have not been slow to recognize the importance of scholastic training 

binder wholesome influences; and, second, that the country has appre- 
ciated the commendable efforts put fortli by Christian people. 

While not falling a whit behind the most advanced schools of secu- 
lar character, these Christian colleges ha^e striven to combine with 
mental discipline the highest moral training. 

Belonging exclusively to the Baptists of Alabama, are the two 
institutions, the Howard and the Judson, established and maintained 
during a former generation by our fathers and grandfathers. 

The Baptists of Alabama were among the pioneers of Christian edu- 
cation in the South. Full of usefulness and of years these two institu- 
tions have been transmitted to us of the present generation. Like other 
colleges around them, they have had eventful careers; but they have 
come through the ordeals of war and of flame, and the present year finds 
them the peers of the leading colleges of the South in scholastic instruc- 
tion, while they are pervaded by the spirit of Christianity. 

The sessions of these colleges last year were most successful ones. 
The enrollment at Howard College was 170, thirty-flve of which number 
were niinisterial students. This year the college has opened most aus- 
piciously. Already there are enrolled 1.59 students. With the new 
buildings our numbers will be greatly increased. 

The Judson Female Institute, at Marion, closed last June one of its 
most prosperous years, and the present session finds its matriculation 
jL'oll greatly enlarged. 

If Baptists would give to these colleges the support which they 
could, it would be impossible to estimate the amount of reflex influence 
exerted in this State and elsewhere in favor of the promulgation of our 
denominational principles. 

Another institution, dear to Baptists throughout the South, 
deserves appropriate mention in this connection. Allusion is had to 
the Southern Baptist Theological Seminary, at Louisville, Ky. In some 
respects, it is without a rival on the continent. Within its faculty are 
men of prodigious intellect and profound consecration.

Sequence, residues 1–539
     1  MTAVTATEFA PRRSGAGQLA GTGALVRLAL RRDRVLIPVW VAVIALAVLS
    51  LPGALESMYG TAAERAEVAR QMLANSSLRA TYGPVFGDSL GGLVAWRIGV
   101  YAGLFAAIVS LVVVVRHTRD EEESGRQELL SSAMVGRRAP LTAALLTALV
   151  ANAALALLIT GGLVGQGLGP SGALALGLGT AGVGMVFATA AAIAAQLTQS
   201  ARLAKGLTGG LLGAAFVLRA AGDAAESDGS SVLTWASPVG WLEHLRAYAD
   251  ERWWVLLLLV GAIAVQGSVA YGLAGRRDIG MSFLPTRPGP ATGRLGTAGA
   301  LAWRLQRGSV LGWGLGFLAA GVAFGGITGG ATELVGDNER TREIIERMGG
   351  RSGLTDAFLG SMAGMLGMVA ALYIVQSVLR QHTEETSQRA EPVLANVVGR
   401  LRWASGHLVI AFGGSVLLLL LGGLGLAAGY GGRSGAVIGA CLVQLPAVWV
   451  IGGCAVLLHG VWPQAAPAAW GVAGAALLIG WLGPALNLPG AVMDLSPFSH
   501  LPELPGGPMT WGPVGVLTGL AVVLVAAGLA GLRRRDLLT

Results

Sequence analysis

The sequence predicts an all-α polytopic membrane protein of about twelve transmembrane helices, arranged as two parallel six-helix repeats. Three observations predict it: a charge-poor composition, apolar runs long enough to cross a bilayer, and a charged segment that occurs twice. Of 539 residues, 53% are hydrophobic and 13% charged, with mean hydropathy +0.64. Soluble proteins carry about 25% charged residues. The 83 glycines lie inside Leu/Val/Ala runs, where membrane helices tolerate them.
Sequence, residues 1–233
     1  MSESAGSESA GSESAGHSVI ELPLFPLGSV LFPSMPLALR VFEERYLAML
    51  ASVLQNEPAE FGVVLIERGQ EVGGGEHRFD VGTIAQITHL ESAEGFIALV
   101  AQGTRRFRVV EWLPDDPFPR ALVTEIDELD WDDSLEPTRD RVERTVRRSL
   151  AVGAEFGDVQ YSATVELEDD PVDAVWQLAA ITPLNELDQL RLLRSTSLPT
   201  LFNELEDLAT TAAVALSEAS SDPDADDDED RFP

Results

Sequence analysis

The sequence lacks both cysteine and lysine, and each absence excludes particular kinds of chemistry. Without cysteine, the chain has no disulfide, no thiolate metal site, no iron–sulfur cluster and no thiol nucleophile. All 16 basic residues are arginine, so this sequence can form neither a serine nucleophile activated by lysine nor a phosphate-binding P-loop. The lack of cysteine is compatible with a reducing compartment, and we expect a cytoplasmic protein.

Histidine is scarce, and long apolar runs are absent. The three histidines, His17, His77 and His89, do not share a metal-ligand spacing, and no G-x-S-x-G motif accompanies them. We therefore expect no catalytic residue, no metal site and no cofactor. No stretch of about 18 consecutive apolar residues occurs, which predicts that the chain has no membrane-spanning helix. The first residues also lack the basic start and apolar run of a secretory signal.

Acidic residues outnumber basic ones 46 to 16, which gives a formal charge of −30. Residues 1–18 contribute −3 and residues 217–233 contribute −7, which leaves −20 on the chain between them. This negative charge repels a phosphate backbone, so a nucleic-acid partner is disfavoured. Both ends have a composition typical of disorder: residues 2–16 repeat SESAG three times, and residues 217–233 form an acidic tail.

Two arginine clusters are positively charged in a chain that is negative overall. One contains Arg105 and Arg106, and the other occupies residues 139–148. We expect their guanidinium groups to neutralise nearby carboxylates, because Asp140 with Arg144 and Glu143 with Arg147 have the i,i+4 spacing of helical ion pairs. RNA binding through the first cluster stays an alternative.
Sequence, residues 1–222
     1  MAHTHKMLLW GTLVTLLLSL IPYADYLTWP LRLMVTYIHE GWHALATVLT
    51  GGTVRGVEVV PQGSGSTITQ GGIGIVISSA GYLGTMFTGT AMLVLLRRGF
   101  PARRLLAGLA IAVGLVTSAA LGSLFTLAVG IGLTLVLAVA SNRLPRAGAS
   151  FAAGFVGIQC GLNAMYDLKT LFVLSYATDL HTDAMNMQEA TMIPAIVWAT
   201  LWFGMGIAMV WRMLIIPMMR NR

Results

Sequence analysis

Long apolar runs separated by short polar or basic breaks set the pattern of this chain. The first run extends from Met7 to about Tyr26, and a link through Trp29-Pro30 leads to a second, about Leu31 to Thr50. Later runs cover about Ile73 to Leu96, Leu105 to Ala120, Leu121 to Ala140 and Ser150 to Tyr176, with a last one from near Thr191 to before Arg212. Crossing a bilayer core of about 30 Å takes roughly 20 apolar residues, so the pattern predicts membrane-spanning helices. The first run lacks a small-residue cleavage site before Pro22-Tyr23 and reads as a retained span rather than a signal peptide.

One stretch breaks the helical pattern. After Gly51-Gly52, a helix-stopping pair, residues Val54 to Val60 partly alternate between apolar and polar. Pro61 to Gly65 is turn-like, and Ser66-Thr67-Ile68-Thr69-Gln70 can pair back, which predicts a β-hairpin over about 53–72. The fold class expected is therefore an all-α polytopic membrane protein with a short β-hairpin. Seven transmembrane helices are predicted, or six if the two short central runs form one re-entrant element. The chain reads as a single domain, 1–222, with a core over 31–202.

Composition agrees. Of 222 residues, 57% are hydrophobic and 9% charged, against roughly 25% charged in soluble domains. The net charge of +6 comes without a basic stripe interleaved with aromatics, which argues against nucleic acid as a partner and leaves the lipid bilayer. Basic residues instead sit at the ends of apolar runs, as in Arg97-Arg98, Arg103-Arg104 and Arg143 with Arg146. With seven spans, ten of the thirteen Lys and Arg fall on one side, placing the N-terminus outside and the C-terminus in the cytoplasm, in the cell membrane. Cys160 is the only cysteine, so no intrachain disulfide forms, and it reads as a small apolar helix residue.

This, too, deserves our prayers, our labors and our gifts. 
Eespectfully submitted, 

B. F. RILEY, r hair man. 

The committee to whom was referred the applications of 
new churches, report as follows : 

We your committee appointed to examine into the Baptist validity 
of the petitionary letters of the Baptist Church at Johns, and of the 
Union Missionary Baptist Church, report as follows : The petition of 
John's Church is every way regular, but that the petition of the Union 
Missionary Baptist Church is a little irregular, in this, that it should 
have gone this session to the Harmony Association, of which it is a 
member, and gotten a letter from that Association to join this, but as 
we are assured that perfect harmony exists between the Church and the 
Harmony Association, and that it is best for the Church to become a 

member of the Canaan Association, we recommend the reception of 
these two churches, and the seating of their delegates. 

F. M. WOOD, 


Dr. W. L. Pickard was recognized as the representative 
of the Ministerial Board. 

Upon motion of A. W. McGalia it was ordered that any 
member of this body who may attend the meeting of any other 
Association, shall be the correspondent from this body to the 
one he may attend. 

Upon motion of G. D, Staton, S. T. Vann was admitted as 
a delegate from New Prospect Church. 

The following resolution was offered by H. H. Brown : 

Resolved, That the name of this Association be changed to " Bir- 
mingham," instead of "Canaan." 

and, after general discussion, was referred to a special com- 
mittee of five, said committee consisting of H. H. Brown, P. 
T. Hale, M. K. Vann, G. D. Staton and J. B. Glenn. 

Upon motion of P. T. Hale, the name of Bro. Stiff was 
added to the list of delegates from South Side Church, in place 
of M. B. Swanson. 

Adjourned with benediction by Dr. Rile5^ 


The body was called to order by the Moderator, and after 
prayer by Rev. S. R. C. Adams, the body listened to the very 
clear and edifying introductory sermon by Rev. A, W. McGaha, 
of East Lake, from the Scriptures found in the fifteenth chap- 
ter of Luke, first and second verses. 

At the close of the sermon the congregation sang : " Praise 
God from Whom all Blessings Flow," and the body proceeded 
to business. 

The report on Home Missions was read by A. W. McGaha, 
and was discussed at length by B. F. Riley, P. T. Hale and M. 
M. Wood, after which the report was adopted. 


Your Committee are profoundly grateful to God to be able to make 
a very favorable and gratifying report of the work done on the home 


field. The Home Mission Board reported at Fort Worth tliat more